All wars are tragedies, and Russia’s invasion of Ukraine is a particularly brutal act of aggression that has yielded terrible human suffering, yet wars have always offered plenty of models for leadership, both good and bad, and the one raging across the towns and fields of Ukraine today is no exception.
On one side, you have Russia’s command-and-control dinosaurs blindly pursuing a plan that had already failed in the first days of the conflict; on the other, you have Gen. Valerii Zaluzhnyi, the commander-in-chief of the Ukrainian Armed Forces, who according to a recent Politico profile, has “helped build a decentralized, empowered, more agile way of warfare than the Russian model, which has floundered in the Ukrainian mud.”
That Russian model of leadership sounds a lot like the one still practiced by the leaders of too many corporations: rigidly top-down, ignorant of the situation on the frontlines, and unwilling or unable to rethink a failing strategy until it is too late. In contrast, Zaluzhnyi has “allowed commanders of small, dispersed units to think for themselves” enabling Ukrainian forces to, in the words of one senior U.S. defense official interviewed by Politico “stay nimble” and “better adapt and react with initiative.”
Business leaders can learn a lot from this successful approach. Enabling distributed decision making is essential in today’s complex world, a world in which frontline managers can often identify challenges and opportunities more clearly – and respond to them more rapidly – than anyone in the C-suite.
Remember back in 2017 when a passenger was bloodied by police and dragged off a United Express flight because he refused to give up the seat he had paid for to make room for a United crew member? That incident, which did enormous damage to United’s brand and reputation, could easily have been avoided if the manager at the gate had more discretion to think through the problem and the cognitive tools necessary to do so effectively.
That is just one example of how important distributed decision making can be.
But enabling distributed decision making is only part of Zaluzhnyi’s recipe for success: he also understands the old military dictum (first articulated by the Prussian Field Marshal Helmuth von Moltke the Elder) that no plan survives first contact with the enemy.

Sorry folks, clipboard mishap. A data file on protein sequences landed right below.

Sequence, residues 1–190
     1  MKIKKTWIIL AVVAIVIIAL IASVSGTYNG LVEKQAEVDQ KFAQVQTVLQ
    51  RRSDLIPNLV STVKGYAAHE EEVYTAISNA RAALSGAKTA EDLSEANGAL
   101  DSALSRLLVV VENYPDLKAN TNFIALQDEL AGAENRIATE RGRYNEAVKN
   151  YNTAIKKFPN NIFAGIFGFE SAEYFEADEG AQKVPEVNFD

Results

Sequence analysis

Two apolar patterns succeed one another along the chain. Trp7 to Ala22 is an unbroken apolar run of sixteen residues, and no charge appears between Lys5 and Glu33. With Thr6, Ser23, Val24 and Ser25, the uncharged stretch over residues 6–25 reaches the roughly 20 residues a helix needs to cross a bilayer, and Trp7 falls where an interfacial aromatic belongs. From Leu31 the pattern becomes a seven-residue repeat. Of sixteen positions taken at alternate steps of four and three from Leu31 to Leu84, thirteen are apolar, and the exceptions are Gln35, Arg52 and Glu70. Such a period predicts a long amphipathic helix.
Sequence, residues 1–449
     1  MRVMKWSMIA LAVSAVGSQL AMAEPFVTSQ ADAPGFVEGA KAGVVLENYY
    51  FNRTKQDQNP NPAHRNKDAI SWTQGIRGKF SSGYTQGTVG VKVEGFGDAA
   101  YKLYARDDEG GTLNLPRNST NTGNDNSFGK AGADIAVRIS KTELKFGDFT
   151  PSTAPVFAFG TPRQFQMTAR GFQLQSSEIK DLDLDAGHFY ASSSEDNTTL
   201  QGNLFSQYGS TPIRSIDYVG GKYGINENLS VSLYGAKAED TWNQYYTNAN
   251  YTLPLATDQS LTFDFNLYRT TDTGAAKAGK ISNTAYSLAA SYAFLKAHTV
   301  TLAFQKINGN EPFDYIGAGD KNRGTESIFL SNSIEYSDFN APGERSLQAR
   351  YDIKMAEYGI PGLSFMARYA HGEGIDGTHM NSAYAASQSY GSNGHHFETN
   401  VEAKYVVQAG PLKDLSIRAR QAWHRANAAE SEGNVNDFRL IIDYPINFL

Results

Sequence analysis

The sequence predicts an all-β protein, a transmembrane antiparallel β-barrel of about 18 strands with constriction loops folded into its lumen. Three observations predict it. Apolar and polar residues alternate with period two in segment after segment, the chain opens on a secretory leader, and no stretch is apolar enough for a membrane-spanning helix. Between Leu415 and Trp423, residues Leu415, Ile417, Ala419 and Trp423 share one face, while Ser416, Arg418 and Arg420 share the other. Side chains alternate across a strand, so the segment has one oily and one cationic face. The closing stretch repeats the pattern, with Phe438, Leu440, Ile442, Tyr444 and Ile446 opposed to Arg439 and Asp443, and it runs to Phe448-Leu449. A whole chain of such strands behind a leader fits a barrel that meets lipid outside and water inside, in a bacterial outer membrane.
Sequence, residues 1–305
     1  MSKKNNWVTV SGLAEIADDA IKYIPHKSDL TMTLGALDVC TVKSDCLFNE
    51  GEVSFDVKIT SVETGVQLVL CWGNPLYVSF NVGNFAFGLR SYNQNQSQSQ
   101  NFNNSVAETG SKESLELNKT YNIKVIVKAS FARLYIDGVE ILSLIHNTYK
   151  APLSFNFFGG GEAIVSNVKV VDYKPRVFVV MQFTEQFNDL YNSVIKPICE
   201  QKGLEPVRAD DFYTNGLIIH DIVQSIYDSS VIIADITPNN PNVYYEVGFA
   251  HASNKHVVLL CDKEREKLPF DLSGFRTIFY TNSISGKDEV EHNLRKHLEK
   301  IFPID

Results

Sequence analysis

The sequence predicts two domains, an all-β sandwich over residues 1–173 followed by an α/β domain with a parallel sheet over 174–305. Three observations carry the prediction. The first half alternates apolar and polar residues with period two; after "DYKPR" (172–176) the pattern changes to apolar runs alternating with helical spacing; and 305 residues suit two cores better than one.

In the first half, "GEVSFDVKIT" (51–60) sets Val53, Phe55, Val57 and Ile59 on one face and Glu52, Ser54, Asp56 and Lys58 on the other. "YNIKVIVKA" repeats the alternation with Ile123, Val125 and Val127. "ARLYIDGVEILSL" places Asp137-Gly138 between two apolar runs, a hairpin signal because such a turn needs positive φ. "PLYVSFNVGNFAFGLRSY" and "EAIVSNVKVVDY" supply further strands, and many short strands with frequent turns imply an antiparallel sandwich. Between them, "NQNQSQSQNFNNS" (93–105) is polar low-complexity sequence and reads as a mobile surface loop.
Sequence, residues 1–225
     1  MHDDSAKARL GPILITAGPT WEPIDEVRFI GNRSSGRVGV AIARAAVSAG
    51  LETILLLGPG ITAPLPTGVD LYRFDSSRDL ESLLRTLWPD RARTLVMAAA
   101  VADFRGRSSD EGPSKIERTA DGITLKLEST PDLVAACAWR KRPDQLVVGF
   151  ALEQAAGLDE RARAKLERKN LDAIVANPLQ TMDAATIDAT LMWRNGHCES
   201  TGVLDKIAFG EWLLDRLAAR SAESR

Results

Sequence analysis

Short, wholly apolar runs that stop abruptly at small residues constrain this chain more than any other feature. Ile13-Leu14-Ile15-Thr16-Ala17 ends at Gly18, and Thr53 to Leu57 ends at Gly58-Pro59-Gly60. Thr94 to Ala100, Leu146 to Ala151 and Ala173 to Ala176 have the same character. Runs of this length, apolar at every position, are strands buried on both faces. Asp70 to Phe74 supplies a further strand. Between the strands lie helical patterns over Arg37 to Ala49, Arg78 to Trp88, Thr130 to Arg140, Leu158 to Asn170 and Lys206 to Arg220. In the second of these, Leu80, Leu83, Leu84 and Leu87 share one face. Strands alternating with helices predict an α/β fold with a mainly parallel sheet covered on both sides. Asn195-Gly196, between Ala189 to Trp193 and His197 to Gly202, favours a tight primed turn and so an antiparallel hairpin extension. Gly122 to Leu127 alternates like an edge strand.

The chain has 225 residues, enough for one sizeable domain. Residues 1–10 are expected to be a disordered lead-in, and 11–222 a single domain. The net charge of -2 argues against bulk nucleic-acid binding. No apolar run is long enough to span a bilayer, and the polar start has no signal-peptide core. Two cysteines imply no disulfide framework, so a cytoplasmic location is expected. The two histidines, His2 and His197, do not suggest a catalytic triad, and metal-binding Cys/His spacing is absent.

“We want to move away from maps – from writing battle orders,” Zaluzhnyi said in a 2020 interview with ArmyInform.
That is another important lesson for business leaders to understand – because few business strategies survive first contact with today’s volatile, uncertain, and rapidly changing competitive environment.
Like Zaluzhnyi, business leaders need to recognize that even a strategy that is correct today may not be correct tomorrow. What is important is to probe, test, and learn without overcommitting to a single course of action. What is important is to create plans with optionality and flexibility. What is important is to understand that decision making is a circular practice, rather than a linear process.
That is what the Ukrainians have been doing under the leadership of Zaluzhnyi and other commanders like him, and they have been doing it with great success – unimaginable success – against all odds. This resilient leadership has earned Zaluzhnyi the nickname the “Iron General,” and it has given his people the time to build support for their heroic defense of their homes and families.
This same type of leadership can help you and your company thrive in the far less dire, but no less chaotic, environment you operate in today.
Originally published on Forbes.